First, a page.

“Steven Pressley was a high press manager, wanting to play out from the back. I didn’t play as much under Uwe Rosler due to different circumstances with formations. Still, the playoff season in 2016-17 was ‘surreal’. I remember that there were a lot of draws in our long, unbeaten run but we definitely had the feeling that we would never lose. There was always the chance that we could score late in the game.
“Conor McLaughlin showed that at Wimbledon, Bally [David Ball] at home to Southend and Demps [Kyle Dempsey] at Gillingham. Having played in the Championship with Bristol City, it would have been a tough prospect had Fleetwood gone up. The Championship is such a competitive league.
“We would have had to recruit really well and defend solidly to survive at the higher level. John Sheridan came to do a job and did it superbly with a winning streak taking us out of trouble. Obviously, the gaffer now has been a big help for my career.”
We looked back on some personal highlights since that playoff season ended. I put it to the Welshman that it must have been a thrill to score in an exciting 2-2 draw at Ewood Park in October 2017.
“It was a late equalizer and I think the ball hit me rather than the other way round! However, it was nice to score in such an atmosphere and at an iconic ground.”
Another huge venue was the King Power Stadium where Wes came off the bench against Leicester in the FA Cup last year.
“We had earned that night after a superb performance at home when we could have nicked a win late on through Ash Hunter. By the time I came on at Leicester, they were kicking the ball for fun and left us chasing shadows but it was still a great experience.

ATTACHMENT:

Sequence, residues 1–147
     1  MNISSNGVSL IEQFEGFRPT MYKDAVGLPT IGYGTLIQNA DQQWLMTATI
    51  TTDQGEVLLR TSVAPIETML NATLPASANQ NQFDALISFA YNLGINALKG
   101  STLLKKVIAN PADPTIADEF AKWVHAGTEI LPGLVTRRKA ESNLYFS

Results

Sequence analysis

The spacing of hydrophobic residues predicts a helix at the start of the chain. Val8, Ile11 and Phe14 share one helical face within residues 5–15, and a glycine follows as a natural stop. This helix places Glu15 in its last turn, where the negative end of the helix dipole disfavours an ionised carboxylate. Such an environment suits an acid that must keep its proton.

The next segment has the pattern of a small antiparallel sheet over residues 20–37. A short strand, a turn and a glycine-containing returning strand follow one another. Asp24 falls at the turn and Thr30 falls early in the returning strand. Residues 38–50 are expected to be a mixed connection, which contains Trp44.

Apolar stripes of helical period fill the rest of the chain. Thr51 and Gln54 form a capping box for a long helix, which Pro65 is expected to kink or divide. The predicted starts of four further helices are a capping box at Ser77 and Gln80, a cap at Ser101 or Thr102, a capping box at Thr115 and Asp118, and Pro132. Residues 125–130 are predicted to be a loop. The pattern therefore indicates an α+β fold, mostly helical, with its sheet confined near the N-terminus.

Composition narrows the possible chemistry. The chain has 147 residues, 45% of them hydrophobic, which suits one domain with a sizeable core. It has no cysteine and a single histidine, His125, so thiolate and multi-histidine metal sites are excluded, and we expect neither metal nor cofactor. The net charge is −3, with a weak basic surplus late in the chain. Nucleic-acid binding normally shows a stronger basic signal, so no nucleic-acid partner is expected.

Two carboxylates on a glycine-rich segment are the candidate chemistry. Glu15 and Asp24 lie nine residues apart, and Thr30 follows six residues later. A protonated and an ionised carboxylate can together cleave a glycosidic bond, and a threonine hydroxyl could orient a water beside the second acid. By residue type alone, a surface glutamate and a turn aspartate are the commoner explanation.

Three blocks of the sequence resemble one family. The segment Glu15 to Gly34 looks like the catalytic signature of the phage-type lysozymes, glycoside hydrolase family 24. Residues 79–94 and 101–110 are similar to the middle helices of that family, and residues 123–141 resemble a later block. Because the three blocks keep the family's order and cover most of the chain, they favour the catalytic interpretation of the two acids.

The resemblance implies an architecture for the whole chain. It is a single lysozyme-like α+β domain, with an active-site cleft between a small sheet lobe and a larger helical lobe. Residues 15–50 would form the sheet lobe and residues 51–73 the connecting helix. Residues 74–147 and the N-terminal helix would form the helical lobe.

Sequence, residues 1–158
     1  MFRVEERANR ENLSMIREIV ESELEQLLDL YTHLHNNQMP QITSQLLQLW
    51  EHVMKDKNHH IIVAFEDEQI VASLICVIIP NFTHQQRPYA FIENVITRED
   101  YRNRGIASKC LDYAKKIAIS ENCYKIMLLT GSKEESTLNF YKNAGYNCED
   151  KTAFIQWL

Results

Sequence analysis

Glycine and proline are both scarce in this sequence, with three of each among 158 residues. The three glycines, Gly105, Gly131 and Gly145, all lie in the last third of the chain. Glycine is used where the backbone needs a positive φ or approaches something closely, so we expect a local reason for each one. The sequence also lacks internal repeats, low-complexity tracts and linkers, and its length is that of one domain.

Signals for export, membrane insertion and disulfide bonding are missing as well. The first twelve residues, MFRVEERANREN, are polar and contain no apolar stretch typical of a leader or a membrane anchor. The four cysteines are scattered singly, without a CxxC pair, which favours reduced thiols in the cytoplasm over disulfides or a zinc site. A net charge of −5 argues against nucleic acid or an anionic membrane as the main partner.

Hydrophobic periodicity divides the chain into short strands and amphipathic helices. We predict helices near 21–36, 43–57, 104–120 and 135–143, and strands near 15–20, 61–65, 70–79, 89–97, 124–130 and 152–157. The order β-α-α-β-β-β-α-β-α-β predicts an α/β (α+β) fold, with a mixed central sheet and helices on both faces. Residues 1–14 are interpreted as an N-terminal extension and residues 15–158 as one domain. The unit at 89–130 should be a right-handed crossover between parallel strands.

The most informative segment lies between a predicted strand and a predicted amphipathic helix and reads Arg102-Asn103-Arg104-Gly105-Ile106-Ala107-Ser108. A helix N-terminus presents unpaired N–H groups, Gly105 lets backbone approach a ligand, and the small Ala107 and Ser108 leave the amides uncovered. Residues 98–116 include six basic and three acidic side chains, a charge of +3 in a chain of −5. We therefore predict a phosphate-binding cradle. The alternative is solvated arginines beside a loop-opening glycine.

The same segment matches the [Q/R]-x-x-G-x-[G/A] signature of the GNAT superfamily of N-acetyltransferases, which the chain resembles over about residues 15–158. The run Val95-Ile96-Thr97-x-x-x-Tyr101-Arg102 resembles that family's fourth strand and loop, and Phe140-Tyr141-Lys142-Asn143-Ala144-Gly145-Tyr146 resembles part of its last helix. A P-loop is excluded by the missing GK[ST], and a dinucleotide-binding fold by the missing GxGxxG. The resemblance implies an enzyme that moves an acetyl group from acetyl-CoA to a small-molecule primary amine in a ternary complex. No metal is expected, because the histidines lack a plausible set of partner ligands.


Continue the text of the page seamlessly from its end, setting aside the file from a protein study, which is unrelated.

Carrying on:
“Scoring away at Blackpool last April was an amazing feeling because we thought we were going to create history by beating them for the first time. Then, two late goals killed us off. Revenge this year was sweet and I scored again which is a good habit for a Fleetwood player against their local rivals”
I put it to Wes that there was a big difference in his game between those two local derbies.
“Definitely. Last year I was struggling to buy an opportunity in front of goal whereas this year I’m a lot sharper. Although I missed a chance from six or seven yards against Rochdale recently it didn’t worry me at all because I know I will get further chances to score. Last season if I’d missed that chance I’d have put it down to a lack of confidence.”
Two goals in a 5-0 thrashing of Scunthorpe will take some beating this season.
“We ran riot that night, everything came off. We had a feeling that someone would be smashed, it happened twice to Doncaster and at Wimbledon. Until we went down to ten men we were also competing against Portsmouth and they weren’t troubling us.
“We have an incredible strike force. We’re all scoring goals and Nads [Ashley Nadesan] has been superb since he came back from Carlisle. Paddy [Madden] and Ched [Evans] work so well together. You know that Paddy will graft around and that Ched will fight all day to get those second balls. They complement each other well. Paddy’s effort is second to none. He’s always a top runner in the stats. Ash has been superb with assists and goals.”
Wes’s family have given unstinting support since childhood days.
“They would come home and away but don’t get to quite so many games these days because of the long distances involved. When we are down south they will come and I always get texts before the game. They are never far behind me supporting me.”
A hundred appearances for Fleetwood in all competitions is but six matches away and life is currently good for this quietly-spoken, articulate young man. It is clear, however, that Wes Burns is taking nothing for granted.
“I’ve hit form before and stepped off the pedal. I’m determined to not let that happen again.”